Saturday:10:30a.m.- 1:30 p.m. Alternate Sundays 9:00 a.m.-noon. for further information contact
Jason Tsou at 213-923-5003 (Eemail:firstname.lastname@example.org)
Art Schonfeld 818-438-1887
Jason Tsou Kung Fu Mission Statement
My mission is to promote traditional Chinese Martial arts. I believe in emphasizing the core values of this art by adhering to both the traditional training methods and fundamental principles that make it unique.
Years ago, I called my school the Jason Tsou school of traditional Chinese Martial Arts. At that time I felt that using the term "Kung-fu" would suggest a narrower focus than the one I wanted to convey.
Often people will talk of Kung Fu as being external and contrast it with Taiji or Bagua or other so-called internal styles. I came to the decision that it was important to promote the real meaning of Kung fu which is a process that involves time, effort and discipline (both from oneself and from one's teacher).
When Kung fu is understood in thisway, it includes all Chinese martial arts.Kung fu as a process can be seen to apply to most endeavors that have self improve -ment as a goal.
As I see it, the distinction between the so-called schools of internal martial arts and external martial arts has more to do with where one begins and not where one finishes. I see the goal of all students as similar in the sense that they need to understand energy, understand their physical/emotional make up and learn to improve their ability to function when in crisis mode.
The fundamental prin-ciples I previously referred to, include cultural, philosophical and traditional Chinese Medical concepts. I do not believe that the martial art itself can be fully appre-ciated outside of the culture that gave birth to it. For this reason I want to promote as deep and rich an understanding of this culture as possible. I want to use this under-standing to better appreciate the martial arts involved.
Most of my experience is with Northern Chinese Arts. These include Baji, Pigua, Taiji, Bagua, Xingyi, Long Fist, Praying Mantis and Shuai Jiao. What makes these styles similar is their use of footwork, their use of stances as a means of building structure and their reliance on the underlying principles of kung fu- or building from the ground up - to develop their respective training methods.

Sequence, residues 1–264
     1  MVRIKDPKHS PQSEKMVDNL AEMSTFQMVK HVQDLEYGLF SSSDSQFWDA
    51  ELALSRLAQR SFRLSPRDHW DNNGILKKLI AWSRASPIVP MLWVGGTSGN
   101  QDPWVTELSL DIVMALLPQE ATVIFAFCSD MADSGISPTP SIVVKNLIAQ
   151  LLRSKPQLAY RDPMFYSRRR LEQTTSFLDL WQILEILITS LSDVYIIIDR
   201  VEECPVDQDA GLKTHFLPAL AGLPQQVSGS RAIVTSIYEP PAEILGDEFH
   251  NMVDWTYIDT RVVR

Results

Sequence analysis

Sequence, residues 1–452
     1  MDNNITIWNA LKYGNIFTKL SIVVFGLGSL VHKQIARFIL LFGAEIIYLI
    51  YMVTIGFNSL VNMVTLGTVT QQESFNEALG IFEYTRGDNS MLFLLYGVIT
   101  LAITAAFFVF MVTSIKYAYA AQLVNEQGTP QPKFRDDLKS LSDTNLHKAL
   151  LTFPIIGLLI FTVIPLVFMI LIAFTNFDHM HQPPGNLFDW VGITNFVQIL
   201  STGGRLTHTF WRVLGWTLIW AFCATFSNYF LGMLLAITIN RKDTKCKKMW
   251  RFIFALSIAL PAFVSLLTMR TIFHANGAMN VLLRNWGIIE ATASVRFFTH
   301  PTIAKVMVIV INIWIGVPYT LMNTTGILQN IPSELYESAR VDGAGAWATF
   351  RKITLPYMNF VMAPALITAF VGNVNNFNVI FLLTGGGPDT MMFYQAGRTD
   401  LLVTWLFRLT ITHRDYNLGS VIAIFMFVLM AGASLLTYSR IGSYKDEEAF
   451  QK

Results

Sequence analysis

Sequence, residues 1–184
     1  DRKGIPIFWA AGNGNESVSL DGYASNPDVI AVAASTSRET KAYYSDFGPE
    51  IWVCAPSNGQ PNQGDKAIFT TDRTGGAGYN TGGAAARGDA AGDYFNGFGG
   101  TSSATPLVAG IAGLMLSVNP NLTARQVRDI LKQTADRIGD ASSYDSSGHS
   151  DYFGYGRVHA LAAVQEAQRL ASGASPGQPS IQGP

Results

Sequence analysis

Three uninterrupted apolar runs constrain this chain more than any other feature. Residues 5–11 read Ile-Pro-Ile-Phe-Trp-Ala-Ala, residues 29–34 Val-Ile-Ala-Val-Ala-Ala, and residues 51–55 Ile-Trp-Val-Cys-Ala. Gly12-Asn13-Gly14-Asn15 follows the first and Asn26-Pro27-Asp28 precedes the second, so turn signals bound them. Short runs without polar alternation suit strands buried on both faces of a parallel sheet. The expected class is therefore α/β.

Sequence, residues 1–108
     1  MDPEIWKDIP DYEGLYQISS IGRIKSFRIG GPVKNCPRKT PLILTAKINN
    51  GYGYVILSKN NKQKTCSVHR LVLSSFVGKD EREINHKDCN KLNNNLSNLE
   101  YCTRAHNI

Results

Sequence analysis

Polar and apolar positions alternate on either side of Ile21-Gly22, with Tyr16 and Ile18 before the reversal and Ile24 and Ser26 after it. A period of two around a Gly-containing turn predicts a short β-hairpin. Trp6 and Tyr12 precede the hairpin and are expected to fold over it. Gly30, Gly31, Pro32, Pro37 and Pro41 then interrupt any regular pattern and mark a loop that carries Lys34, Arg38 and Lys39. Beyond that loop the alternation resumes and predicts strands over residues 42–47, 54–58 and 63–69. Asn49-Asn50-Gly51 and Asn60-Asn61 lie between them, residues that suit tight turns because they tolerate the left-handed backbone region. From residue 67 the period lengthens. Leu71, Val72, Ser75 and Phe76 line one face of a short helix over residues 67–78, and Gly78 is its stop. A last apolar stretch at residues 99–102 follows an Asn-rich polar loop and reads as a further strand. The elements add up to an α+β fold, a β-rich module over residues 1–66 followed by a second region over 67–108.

The mind needs to be trained along with the body. Mind training is not just discipline. It involves body awareness and the proper use of imagination. We use the mind to de-velop the ability to con-sciously borrow energy from the environment. I teach the use of Qigong along with other training strategies to better develop these mental components.
The Meaning of the Dragon within the Bagua Symbol
I chose the Dragon within the Bagua trigrams as my logo for many reasons. First of all, the Dragon represents China. Legend has it that an earlier leader first united various tribes that were to com[pose China disputes arose among the people as to which totem would have eminence.
The leader solved this problem by creating the dragon with the face of a water buffalo, the horns of a deer, the claws of an eagle and the body of a snake. The skin has the scales of a carp. In other words, the Dragon represents the essence of China as it developed through the mixing of many tribes and people into one nation.
I surrounded the dragon with the Bagua Trigrams for many reasons. First of all we are all familiar with seeing theYin and Yang symbol in the center of these trigrams. Secondly, Bagua Trigrams contain Yin (broken lines) and Yang (solid lines) in a state of imbalance and yet the entire pattern is one of balance. Thirdly, because it reflects the idea that Yin and Yang are developed to three dimensions in our world. If be think of
Wuji as 0 then
Taiji is 2˚=1
Liangyi is 2¹=2
Sixiang is 2²=4
Bagua is 2³=8
This progresses on into infinity.
We live in a Taiji world. Our planet Earth has a north and south pole. Yin and Yang is a binary system and as we look at the world around us we can't help but see that so much of our math and science is based upon such a system. Perhaps the best modern day example of this is the computers that we have all come to rely so heavily upon.
But the Bagua symbol has a different dimension as well. The premise of Bagua as a martial art is that of change. Acceptance of change as a constant in our lives in a core value accepted by those who aspire to the development of a "constant heart".
The constant heart en-ables the martial artist to better cope with any attack while it helps the everyday person to better cope with an ever chang-ing world. Kung fu is the process by which we de-velop our constant heart and it is through our acceptance of change that we learn to better cope with this rapidly changing world.